My God. I am so envious. So jealous. I feel like I'm casting a green glow for 100 yards.
I seethe. I writhe in covetousness.
Why? I read Bob Klapisch's article on Baseball Analysts today about pitching, and his fascination with pitchers, and his sort-of career as a semi-pro pitcher...I wonder if it's possible to puke from sheer desirousness.
Of course, there's always the caveat that, as Chuck Klosterman put it, "If there's anything veteran sportwriters hate, it's sports,"--that familiarity breeds contempt, that pro sportswriters who get to hobnob with the greats are hardly ever as impressed with their jobs as we, the peons, eventually are...
But God. To be able to write this:
One afternoon in 1997, I was sitting in the visitor's dugout during batting practice in Atlanta talking to Al Leiter about - what else, pitching - when he suddenly said, "Get a ball, let's see what you've got."
So there I am, playing catch with the then-Mets' ace, sweating through my street clothes trying to make my fastball run. For some stupid reason I wanted to impress him.
"Fucking Klap, give it up," is what I heard John Franco say through a smirk, while Leiter was busy analyzing my delivery. For one precious moment, he no longer saw me as a writer but as a fellow pitcher, although with his harsher scrutiny came a piercing blow to my ego.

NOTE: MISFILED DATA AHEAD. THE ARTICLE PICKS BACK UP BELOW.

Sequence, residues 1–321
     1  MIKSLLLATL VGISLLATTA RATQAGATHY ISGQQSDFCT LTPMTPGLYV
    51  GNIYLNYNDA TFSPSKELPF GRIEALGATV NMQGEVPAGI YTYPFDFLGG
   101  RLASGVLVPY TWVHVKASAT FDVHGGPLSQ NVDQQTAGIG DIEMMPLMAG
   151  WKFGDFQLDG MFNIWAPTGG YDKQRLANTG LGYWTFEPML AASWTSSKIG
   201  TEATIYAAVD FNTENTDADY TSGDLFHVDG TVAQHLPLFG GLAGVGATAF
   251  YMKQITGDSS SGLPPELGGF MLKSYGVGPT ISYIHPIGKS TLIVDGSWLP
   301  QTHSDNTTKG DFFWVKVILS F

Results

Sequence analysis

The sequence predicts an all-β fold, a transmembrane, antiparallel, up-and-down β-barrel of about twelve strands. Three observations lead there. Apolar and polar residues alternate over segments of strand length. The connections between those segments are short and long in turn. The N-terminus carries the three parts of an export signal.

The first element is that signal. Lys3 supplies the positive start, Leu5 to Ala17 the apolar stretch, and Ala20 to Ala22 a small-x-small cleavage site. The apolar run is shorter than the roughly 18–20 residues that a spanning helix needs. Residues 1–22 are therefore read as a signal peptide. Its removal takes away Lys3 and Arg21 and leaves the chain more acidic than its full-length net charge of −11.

"Your ball moves, but you need to throw it harder," Leiter said. "You have to get on top of the ball."
Leiter unleashed a cut-fastball the likes of which I had never seen or caught. He threw it so hard I heard the ball hiss, which was unsettling enough. Then it broke to my left, as if it'd been hijacked by a wind shear. Somehow, the pitch accelerated as it darted, which so completely overloaded the synapses of brain my glove never moved.
I just couldn't catch it.
"That's what I'm talking about," Leiter said matter-of-factly.
"That's what you throw in a game?" I said in disbelief.
"Not really. That was about 80 percent."
I share Klapisch's fascination with pitchers and pitching, you see, but not his thwarted aspirations. Thus for me a similar conversation would have been pure, unadulterated amazement rather than the torturous experience it seems to have been for Klapisch.
Just standing above the bullpens at Fenway, hearing the ball tear through the air out of the pitcher's--any pitcher's--hand is enough to turn my pupils fixed and dilated. Klapisch says that if he's ever eligible for the Make-a-Wish foundation, he wants the chance to pitch to A-Rod.
Me? I'd take what Klapisch already has.